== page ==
§ Moved, That the Bill be now read 2a.— (Viscount Gage.)
My Lords, my noble friends and I do not propose to offer any direct opposition to this Bill. It certainly is a well-meant effort. We recognise that, and we thank the noble Viscount who has resumed his place for his very clear and also sympathetic references, especially to the village blacksmith as a black-coated worker. I do not think the village blacksmith would quite recognise himself in that description. On the other side of the Atlantic they talk of a similar class as the white-collared worker. The village blacksmith would not recognise himself as a white-collared worker either. But we know that what the noble Viscount means is that for the small independent capitalist, the small businessman, no doubt this Bill is advantageous. Indeed the whole Bill is another good piece of Socialism introduced by a Tory Government with the inevitable defects that a Tory Government always manages to include at the last moment. I did not quite understand the actuarial calculation, neither did my noble Leader, Lord Snell, who is a great expert on these matters. I understood that for a contribution of 1s. 3d. the insured person of mature age got a benefit for which in commercial insurance, for example, he would have to pay 15s.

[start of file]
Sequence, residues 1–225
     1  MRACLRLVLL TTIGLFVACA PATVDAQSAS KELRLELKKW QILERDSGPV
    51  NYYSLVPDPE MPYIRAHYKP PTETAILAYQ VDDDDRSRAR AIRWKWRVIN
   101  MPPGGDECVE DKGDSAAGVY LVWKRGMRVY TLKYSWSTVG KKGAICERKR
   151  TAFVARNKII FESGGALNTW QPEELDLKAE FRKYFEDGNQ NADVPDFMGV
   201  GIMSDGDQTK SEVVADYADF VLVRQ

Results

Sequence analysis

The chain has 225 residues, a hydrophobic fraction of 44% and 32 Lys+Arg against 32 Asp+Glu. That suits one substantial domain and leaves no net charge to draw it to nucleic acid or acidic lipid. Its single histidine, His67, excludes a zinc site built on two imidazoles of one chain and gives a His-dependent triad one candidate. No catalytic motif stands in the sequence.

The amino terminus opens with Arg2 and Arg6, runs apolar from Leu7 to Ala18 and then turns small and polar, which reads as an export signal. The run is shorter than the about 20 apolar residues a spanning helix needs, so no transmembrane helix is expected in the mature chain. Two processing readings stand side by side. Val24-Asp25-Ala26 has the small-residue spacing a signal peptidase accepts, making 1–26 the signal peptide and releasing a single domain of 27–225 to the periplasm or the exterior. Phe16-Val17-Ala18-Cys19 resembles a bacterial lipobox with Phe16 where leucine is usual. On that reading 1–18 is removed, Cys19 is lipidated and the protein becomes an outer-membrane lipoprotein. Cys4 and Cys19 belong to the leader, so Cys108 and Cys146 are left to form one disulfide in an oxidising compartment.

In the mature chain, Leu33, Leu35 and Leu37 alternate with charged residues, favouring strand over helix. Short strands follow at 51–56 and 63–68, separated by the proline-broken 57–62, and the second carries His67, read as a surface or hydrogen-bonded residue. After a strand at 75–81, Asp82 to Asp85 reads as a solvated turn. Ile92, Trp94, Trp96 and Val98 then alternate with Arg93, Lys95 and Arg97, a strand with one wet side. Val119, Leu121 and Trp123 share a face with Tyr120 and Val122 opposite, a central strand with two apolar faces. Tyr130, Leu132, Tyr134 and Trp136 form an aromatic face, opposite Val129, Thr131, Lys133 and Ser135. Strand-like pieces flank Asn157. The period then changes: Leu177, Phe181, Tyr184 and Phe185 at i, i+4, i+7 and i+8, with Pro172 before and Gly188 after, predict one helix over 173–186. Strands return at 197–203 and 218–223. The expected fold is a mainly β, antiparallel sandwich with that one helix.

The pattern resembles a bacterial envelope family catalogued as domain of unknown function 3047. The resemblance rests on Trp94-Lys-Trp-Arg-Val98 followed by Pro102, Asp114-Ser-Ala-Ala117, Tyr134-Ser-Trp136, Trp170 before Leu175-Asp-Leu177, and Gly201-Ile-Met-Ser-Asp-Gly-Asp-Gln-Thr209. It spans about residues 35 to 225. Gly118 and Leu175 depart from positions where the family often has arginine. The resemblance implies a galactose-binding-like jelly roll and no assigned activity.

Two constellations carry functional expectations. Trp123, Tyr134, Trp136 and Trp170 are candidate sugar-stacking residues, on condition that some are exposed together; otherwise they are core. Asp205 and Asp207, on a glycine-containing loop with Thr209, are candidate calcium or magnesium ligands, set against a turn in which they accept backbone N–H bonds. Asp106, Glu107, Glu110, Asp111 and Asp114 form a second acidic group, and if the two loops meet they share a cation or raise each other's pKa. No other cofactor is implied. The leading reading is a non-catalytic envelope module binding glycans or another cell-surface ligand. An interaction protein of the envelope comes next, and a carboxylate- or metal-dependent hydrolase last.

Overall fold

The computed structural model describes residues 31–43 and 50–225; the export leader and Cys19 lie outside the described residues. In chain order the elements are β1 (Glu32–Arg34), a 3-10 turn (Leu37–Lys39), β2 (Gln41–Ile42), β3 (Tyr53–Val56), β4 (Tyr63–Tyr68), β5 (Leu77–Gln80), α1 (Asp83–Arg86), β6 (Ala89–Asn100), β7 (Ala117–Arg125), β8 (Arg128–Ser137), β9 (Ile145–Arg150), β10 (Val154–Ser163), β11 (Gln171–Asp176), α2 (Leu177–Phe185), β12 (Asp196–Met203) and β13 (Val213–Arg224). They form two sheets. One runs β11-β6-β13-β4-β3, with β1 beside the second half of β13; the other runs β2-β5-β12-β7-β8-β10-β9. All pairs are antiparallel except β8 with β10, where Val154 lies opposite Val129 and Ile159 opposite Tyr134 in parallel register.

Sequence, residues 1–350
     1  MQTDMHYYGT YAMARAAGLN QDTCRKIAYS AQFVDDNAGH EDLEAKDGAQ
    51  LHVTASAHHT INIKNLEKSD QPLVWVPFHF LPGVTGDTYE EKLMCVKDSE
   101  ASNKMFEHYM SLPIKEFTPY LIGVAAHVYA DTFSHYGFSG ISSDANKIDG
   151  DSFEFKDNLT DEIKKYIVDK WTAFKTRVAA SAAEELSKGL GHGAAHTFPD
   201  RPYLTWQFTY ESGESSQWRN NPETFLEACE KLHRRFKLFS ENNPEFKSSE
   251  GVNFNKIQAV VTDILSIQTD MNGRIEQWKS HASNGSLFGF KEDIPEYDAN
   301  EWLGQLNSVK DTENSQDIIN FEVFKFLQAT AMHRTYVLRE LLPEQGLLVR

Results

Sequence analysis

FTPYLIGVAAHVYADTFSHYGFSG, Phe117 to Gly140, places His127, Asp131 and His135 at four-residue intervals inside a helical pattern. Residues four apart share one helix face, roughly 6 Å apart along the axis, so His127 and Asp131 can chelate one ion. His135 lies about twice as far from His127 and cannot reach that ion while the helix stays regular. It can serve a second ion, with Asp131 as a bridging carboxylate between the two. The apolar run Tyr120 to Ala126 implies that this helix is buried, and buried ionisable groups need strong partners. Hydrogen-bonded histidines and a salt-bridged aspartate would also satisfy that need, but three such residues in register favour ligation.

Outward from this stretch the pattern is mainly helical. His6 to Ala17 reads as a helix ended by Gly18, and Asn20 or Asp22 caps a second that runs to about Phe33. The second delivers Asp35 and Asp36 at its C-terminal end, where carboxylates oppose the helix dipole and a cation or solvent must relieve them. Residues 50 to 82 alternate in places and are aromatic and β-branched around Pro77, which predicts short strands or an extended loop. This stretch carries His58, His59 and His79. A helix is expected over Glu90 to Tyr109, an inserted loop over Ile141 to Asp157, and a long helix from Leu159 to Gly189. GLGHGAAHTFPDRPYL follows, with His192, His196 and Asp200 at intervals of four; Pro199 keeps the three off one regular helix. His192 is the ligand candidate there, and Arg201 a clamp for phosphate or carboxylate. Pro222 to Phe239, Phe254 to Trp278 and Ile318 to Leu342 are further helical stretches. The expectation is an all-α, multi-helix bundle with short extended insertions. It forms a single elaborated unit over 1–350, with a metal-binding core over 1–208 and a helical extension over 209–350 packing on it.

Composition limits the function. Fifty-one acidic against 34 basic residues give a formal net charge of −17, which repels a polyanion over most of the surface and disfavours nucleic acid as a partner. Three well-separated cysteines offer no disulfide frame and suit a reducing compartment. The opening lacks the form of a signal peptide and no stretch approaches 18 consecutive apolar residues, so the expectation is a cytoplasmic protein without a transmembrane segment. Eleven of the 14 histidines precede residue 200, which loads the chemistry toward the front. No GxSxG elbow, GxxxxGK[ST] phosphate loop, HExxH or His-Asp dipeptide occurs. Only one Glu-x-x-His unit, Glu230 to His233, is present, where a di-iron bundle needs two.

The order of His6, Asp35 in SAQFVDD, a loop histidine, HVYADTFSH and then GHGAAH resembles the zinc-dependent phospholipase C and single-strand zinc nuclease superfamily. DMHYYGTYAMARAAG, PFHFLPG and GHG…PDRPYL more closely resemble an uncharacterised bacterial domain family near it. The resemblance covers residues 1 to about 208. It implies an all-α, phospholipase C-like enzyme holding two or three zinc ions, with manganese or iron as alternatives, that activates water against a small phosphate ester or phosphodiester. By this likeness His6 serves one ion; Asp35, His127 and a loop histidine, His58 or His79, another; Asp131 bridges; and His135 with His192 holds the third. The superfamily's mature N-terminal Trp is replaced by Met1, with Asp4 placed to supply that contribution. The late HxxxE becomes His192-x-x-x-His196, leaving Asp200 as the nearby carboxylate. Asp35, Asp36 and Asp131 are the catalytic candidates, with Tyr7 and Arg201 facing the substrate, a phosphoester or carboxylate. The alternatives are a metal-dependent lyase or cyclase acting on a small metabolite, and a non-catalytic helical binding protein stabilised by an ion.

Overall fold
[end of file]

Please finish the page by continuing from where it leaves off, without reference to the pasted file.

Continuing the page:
What I meant was that if that man had gone to a non-State subsidised concern he would have had to pay something over 15s. to get the benefits which he derives from this Bill. I am sorry if I made a mistake in my explanation.